Just five years ago the idea of infusing brandy with foie gras or making a cocktail out of clarified milk, chive, and aquavit might have seemed beyond logic. But in 2012 this sort of alchemy is becoming more common among bartenders and distillers looking to not only explore the far edges of savory, but create drinks that are more compatible with food.
Lance Winters, the master distiller at St. George Spirits in Alameda, CA has distilled everything from dungeness crab to kombu, mostly as part of his work with OPENrestaurant, a San Francisco activist group that throws pop events with political or environmental themes. The dungeness crab eau de vie was inspired by an event based around the water cycle. "The goal was to create a spirit that tasted like the ocean," says Winters. "But it ended up tasting more like Fishermen's Wharf in the summer."
His foie gras infused brandy was created in honor of Anthony Bourdain. When Winters heard that he'd be visiting the distillery he was inspired. He'd done fat washing before—the practice of infusing melted fat with a spirit, chilling the mixture until it solidifies and then skimming it off—and knew that Bourdain was a fan of foie gras, so he called Chris Cosentino, ordered a bunch of lobes, and played with the ratio of brandy to foie to water until he got the flavor he wanted.
He'll admit that some of his experiments are successful and some are not, but it isn't about make something that can sell on a retail shelf. "Working with these ingredients is about learning the limits of this craft," says Winters. However bizarre some of Winters' experiments may seem, they've found an audience with bartenders that are looking to push the limits of their craft as well.
Aaron Polsky, the head bartender at Neta in New York City worked with the restaurant's chefs, Nick Kim and Jimmy Lau, to develop a menu of savory cocktails that would play well with everything from uni roe to salmon with Sichuan peppercorn oil.
"Most cocktails, as we know them today, don't pair well with food," says Polsky. "But by lowering the alcohol level, pushing toward dryness, and finding a common savory component in the food and drink Venn diagram can help make cocktails more compatible."
For a cocktail called the Owl of the Woods Polsky infuses Kiuchi Brewery's No Shizuku—which is Hitachino White Ale that is distilled down to 30% alcohol, matured in oak barrels with coriander, hops, and orange peel, then distilled again to an alcohol content of 50%—infused with sautéed maitake mushrooms, which is then blended with chilled buckwheat tea.
There's a malty flavor from both the buckwheat tea and the No Shizuku with an umami funk from the mushrooms and the yeastiness you'd expect from beer. For the wine people out there, it smells a lot like Gravner's skin-contact white blend, Breg, and was subtle and high acid enough to pair with something as delicate as sushi.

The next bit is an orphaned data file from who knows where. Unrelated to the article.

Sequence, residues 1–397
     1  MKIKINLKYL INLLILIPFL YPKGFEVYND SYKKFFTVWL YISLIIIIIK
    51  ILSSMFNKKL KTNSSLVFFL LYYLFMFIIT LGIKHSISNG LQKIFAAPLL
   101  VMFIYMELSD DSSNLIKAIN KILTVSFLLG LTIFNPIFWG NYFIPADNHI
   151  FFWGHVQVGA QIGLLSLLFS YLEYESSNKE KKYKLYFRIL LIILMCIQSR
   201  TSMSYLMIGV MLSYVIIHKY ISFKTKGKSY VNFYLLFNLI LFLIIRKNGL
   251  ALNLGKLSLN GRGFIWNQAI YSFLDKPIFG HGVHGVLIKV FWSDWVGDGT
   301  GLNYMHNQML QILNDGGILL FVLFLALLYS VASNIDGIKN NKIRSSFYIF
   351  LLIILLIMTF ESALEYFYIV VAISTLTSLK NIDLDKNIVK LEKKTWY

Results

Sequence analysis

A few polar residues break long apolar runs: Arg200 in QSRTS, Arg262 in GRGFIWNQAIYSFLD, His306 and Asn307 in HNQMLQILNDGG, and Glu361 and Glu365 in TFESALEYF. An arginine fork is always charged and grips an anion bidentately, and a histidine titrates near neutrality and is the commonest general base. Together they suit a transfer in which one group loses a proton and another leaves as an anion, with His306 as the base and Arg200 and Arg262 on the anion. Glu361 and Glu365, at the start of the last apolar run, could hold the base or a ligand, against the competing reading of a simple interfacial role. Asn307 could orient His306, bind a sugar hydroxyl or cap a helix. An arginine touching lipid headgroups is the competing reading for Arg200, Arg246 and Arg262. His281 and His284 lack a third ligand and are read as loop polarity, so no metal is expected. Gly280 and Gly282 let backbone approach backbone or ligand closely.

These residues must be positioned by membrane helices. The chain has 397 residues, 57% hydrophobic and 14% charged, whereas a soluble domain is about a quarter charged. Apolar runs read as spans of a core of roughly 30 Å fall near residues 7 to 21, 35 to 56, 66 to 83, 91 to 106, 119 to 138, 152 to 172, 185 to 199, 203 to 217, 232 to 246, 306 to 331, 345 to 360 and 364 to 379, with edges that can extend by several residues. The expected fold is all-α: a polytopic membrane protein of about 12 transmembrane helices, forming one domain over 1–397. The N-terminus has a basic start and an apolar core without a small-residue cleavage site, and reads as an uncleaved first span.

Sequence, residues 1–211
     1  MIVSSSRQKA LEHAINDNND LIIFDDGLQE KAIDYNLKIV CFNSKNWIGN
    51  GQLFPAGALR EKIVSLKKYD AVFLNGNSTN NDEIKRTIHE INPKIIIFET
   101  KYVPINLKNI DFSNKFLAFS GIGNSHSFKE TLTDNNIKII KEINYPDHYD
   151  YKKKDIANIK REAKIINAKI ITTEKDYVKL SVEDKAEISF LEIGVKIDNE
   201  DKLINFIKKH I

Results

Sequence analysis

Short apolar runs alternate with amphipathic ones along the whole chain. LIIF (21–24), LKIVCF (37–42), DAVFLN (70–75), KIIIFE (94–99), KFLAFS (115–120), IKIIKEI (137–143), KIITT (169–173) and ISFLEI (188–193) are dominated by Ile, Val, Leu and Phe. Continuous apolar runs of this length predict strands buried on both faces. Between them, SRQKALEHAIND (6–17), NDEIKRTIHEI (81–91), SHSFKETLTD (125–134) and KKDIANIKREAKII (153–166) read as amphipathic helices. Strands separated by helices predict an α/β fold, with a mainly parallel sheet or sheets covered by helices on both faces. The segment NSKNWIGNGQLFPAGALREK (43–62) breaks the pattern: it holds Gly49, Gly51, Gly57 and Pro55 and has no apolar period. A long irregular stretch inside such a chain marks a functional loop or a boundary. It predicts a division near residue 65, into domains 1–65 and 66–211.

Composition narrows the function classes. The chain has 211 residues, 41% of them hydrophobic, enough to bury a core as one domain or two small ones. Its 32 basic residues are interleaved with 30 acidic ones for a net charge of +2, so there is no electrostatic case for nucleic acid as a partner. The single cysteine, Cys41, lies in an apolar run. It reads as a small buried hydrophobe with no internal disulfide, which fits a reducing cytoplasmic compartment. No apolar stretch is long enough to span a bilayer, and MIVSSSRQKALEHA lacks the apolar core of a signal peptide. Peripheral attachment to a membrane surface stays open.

Polsky plays with other unlikely savory flavors like kombu seaweed (which is infused in sake and appears in a 50/50 gin cocktail) bonito flakes, and even truffles, but he does so with the goal of creating cocktails that exhibit restraint and subtlety.
Others are playing with savory or bitter ingredients to find out how far they can push in that direction and still make a drink delicious. "Traditionally savory elements have existed in a cocktail to balance out sweetness," says Winters. "I think a lot of bartenders are trying to figure out what these flavors mean without that sweetness."
The point isn't just to push limits, though. Many of the bartenders that are working with ingredients like bitter greens or mushrooms are often using them to create cocktails that are more compatible with food. "When I think about pairing cocktails with food I am trying to mimic the elements you find in certain wines," says Dan Greenbaum, the bar manager at The Beagle, in NYC's East Village.
Greenbaum uses fino or manzanilla sherry to help add brininess and minerality a drink, or brown sherries like oloroso and amontillado to add earthiness or umami character. He's even added MSG to a negroni to see just how much umami you can pack into one drink without it giving you a headache. (For obvious reasons, it will likely never make it to the cocktail menu.)
Beer and savory milk punch (which is generally made with bourbon or brandy) or even clarified milk infused with chive have become common ingredients in the repertoires of bartenders like Eamon Rockey. Rockey had a hand in the cocktail program at Eleven Madison Park in New York before moving on to create the cocktail programs for both Compose and Atera, and he'll be opening a restaurant in New York City with Scandavian chef Fredrik Berselius of Frej restaurant this Fall in Brooklyn.
Many of these savory drinks are finding out where the edge is for cocktails, but more importantly they're redefining the historic function of cocktails as something that is drunk before or after a meal, not during. "Would I want to drink a whole 'Owl in the Woods' on its own? Probably not," says Polsky. "These are cocktails that, like most wines, really work best with food."
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